Dismissed 3s Costs. Paid

James Hodges v Sim(e)on Long
James Hodges on oath:
I am foreman to Mr Bartlett at Burbage. On Wednesday evening last I was sent to Mr Brooks at Burbage Wharf with some medicine from my master. As I was returning home through Barn Alley Turnpike Gate, I saw Simon Long there and when I was about five yards through the Gate, Simon Long came up to me and asked me if I was not one of those who was supposed to be Latter Day Saints. I said I was. He was very abusive and wanted to hit me. He hit me in the face and asked me if I would fight then he struck me again. He offered me a Galon (sic) of beer to settle it. I refused. He came behind me and kicked at me but his foot went between my legs.
John Goddard, on oath:
I am a laborer living at Burbage. I saw Simon Long run up to James Hodges at Barn Alley Turnpike Gate. I heard the conversation and saw the blows struck as mentioned by James Hodges.
Fine £1 plus Costs 15s. Paid
Committed to Marlborough

Note concerning Burbage old Font Contributed by David White

(Note, written in 1903, copied from the front of the 1848 Baptism Register)
When with misguided zeal and ever to be lamented energy, the Vicar of Burbage in the year 1853 destroyed every vestige of the old church except the tower, the Font which had served for the regeneration of countless generations of Burbage inhabitants was ruthlessly done away with, and the present modern, machine made Baptism bowl was erected in its place. I have endeavoured to learn what became of the ancient font. After much search I have obtained evidence that it formerly served as a flower pot in a late churchwardens garden (Mr Gale) here. Upon the death of the churchwarden, the widow removed to Havering in the parish of Milton Lilbourne in this county, taking the font with her.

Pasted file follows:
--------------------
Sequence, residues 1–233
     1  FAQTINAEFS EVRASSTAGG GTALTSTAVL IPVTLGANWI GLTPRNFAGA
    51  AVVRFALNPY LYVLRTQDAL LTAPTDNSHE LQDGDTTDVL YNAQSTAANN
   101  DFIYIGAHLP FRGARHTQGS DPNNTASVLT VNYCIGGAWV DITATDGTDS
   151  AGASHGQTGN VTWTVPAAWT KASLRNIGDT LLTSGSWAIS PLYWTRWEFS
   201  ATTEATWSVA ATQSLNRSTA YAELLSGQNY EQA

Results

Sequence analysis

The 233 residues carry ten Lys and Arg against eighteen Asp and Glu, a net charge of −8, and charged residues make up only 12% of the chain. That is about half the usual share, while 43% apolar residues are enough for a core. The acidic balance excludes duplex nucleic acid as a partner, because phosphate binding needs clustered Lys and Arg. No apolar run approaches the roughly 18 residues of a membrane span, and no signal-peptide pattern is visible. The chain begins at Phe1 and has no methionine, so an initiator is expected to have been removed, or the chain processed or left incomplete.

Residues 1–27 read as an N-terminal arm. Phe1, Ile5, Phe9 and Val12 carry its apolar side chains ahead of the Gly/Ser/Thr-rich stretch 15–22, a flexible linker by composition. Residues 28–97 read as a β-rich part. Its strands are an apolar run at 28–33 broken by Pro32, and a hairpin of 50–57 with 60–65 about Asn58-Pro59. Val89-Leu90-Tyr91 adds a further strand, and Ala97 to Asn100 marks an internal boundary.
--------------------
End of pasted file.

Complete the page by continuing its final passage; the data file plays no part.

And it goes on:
I am informed that now (1903) the said font is still to be seen as an ornamental flower pot at Havering exposed to the rain and frost and therefore (if not already ruined) perishing in dishonour, the victim of a sacriledge which puts utterly in the shade, the doings of the Cromwellian Puritans.
N.B. Another old font lies in dishonour in the garden of the farmhouse at Fifield near Pewsey.
N.B. (later) I have obtained additional evidence from an aged man that Mr Gale, who had quite a hobby for collecting Ancient Fonts, used to use the old Font of Wilcot church as a flower pot in his kitchen garden: and that the font which is now in the garden of the Manor farm where he used to live, is not the Burbage Font but Wilcot Font.

BLACKMANs meet HERSOMs Contributed by Rob Wilson

My great grandfather, John BLACKMAN (1852-87), left Burbage some time between 1861 and 1871. He married Emily Emma HERSOM in West Ham, London, in 1873. John was an "art weaver" in Stratford, East London.
While researching the Hersom family (who were Essex and London based) I found that Emily's brother, Thomas, married a Burbage lady in London - one Sarah Ann PRAGNALL. Did Sarah Pragnall and John Blackman know each other?
It turns out that they are related - their mothers were Mary COX (John's) and Sarah COX (Sarah's) who were first cousins, sharing William COX (1756-1830) as a grandfather.
I wonder how they came to travel to London and meet up with a brother and sister?

The Wooset Contributed by David White

The following extract is taken from an article entitled "Ancient Wiltshire Customs'' by F.A. Cannington, published in the very first copy of the Wiltshire Archaeological and Natural History Magazine published in 1853.

The Wooset
In the villages near Marlborough, this is a mock procession got up by the village lads, when conjugal infidelity is imputed to any of their neighbours.
At a little before dusk, a blowing of sheep's horns and a sounding of cracked sheep bells may be heard about the village, and soon afterwards the procession is formed.
I saw two of these Woosets; one in the year 1835 in BURBAGE , the other about five years after at Ogbourn St George. The procession was in each instance headed by what is called "a rough band'' which in the latter instance was numerous. Some beat old frying pans, others shook up old kettles with stones in them; some blew sheep's horns, others rang cracked sheep's bells, and one of the performers was trying to extort music from a superannuated fish kettle, by beating its bottom with a marrow bone. Four more carried turnips on long sticks, each turnip being hollowed out very thin, and the features of a face cut thinner still on it. and a lighted candle put in the inside. These were followed by a person bearing a cross of wood of slight make, and seven feet highboy the arms of which was placed a chemise, and on the head of it a horse's scull, to the sides of which were fixed a pair of deer's horns, as if they grew there; and to the lower part of the horse's scull the under jaw bones were so affixed that by pulling a string, the jaws knocked together as if the scull was champing the bit; and this was done to make a snapping noise during pauses in the music.